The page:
Novel Aldosterone Synthase Inhibitor Drops BP: Top-line Phase II Results

The oral agent, MLS-101, reduced systolic BP by nearly 10 mm Hg, with even greater reductions in patients taking a thiazide diuretic.

Novel Aldosterone Synthase Inhibitor Drops BP: Top-line Phase II Results

An investigational antihypertensive agent that inhibits the enzyme involved in aldosterone production, called MLS-101, significantly reduces blood pressure in patients with uncontrolled and resistant hypertension, according to top-line results from a phase II trial.

Through 8 weeks of treatment, there was a mean placebo-adjusted reduction in systolic BP of 9.7 mm Hg with the 50-mm Hg once-daily dose of the drug (P = 0.01), with several other drug doses also showing meaningful reductions, Mineralys Therapeutics, which is developing the drug, announced Wednesday. Even greater BP improvements were seen in patients whose background regimens included a thiazide diuretic.

MLS-101, which is licensed from Mitsubishi Tanabe Pharma Corporation, reduces aldosterone by inhibiting the CYP11B2 enzyme involved in its production. It has a half-life of 10 to 12 hours and is highly selective for the synthesis of aldosterone, leaving cortisol unaffected, according to a press release. “MLS-101’s observed selectivity supports the potential for treatment of blood pressure in hypertensive patients with abnormally elevated aldosterone production, an underlying cause of hypertension prevalent in approximately 25% of all hypertensive patients,” the company said.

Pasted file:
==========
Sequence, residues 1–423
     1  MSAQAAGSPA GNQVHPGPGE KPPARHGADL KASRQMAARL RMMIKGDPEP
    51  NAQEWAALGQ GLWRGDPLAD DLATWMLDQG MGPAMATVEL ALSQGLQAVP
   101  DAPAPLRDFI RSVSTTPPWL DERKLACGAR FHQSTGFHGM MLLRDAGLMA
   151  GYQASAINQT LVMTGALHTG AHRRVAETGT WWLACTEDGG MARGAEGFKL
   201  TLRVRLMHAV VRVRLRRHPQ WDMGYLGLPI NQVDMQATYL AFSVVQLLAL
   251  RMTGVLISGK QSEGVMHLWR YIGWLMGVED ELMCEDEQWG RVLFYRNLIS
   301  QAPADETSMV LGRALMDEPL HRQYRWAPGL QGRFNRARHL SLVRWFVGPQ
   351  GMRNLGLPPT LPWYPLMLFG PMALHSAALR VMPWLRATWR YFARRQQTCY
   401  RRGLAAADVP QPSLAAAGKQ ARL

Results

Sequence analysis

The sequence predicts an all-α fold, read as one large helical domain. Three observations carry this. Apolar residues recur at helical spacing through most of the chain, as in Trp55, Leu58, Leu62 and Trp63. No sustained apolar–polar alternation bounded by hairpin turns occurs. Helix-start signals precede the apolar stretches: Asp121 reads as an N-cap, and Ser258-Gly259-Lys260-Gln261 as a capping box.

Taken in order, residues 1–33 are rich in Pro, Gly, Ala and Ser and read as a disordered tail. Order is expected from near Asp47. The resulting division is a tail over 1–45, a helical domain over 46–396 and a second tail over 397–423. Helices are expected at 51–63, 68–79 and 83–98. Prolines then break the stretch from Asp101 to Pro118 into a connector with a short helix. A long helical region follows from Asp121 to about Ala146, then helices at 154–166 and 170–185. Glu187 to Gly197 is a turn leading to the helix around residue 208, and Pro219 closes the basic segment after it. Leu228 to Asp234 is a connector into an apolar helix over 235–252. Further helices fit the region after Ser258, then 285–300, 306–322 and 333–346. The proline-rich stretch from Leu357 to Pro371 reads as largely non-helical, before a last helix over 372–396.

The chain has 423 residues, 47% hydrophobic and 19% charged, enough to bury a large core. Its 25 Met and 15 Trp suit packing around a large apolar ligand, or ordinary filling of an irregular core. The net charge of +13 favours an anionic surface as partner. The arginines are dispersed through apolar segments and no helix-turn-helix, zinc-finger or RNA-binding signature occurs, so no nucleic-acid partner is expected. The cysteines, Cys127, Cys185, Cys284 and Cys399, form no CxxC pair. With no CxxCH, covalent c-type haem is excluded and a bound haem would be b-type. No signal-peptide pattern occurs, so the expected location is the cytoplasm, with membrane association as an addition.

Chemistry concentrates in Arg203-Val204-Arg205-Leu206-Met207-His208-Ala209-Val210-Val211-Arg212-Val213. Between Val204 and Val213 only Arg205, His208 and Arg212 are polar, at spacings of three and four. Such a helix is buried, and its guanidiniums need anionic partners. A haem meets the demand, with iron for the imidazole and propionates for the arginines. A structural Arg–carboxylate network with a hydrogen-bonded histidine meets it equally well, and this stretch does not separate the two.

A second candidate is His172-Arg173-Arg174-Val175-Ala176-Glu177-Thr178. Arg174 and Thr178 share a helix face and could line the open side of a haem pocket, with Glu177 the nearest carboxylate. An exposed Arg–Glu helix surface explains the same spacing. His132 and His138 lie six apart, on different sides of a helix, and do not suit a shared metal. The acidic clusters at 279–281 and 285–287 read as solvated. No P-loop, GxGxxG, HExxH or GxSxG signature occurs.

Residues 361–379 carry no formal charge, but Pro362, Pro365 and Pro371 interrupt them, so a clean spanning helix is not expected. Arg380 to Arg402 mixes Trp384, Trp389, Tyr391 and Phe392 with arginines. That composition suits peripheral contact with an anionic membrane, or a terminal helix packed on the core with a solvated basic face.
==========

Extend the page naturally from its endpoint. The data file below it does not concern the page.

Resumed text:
The drug was evaluated in the Target-HTN trial, which randomized 200 adults with uncontrolled and resistant hypertension on a stable regimen of at least two antihypertensive agents to one of five doses of MLS-101—12.5, 50, or 100 mg once daily or 12.5 or 25 mg twice daily—or placebo.

Overall, treatment at doses above 12.5 mg reduced various office and 24-hour measures of systolic and diastolic BP.

And the drug was well tolerated, according to the company, with no effect on serum cortisol and modest increases in serum potassium that were rapidly reversible. Of three patients with treatment-emergent serious adverse events, only one case—worsening or preexisting hyponatremia that resolved after stopping the drug—was deemed related to treatment.

“The MLS-101 phase II data support the potential of aldosterone synthase inhibition, an important strategy for blood pressure control,” Matthew Weir, MD (University of Maryland Medical Center, Baltimore), said in a statement. “MLS-101 has the potential to deliver a differentiated efficacy, safety, and tolerability profile compared to mineralocorticoid receptor antagonists, the only other class of antihypertensive to directly target aldosterone biology.”

There are other aldosterone synthase inhibitors in the pipeline as well. Attendees of the recent American Heart Association 2022 Scientific Sessions heard positive phase II results for another drug in this class, baxdrostat, which is being developed by CinCor Pharma. The BrigHTN findings were published simultaneously online in the New England Journal of Medicine.

Todd Neale is the Associate News Editor for TCTMD and a Senior Medical Journalist. He got his start in journalism at …

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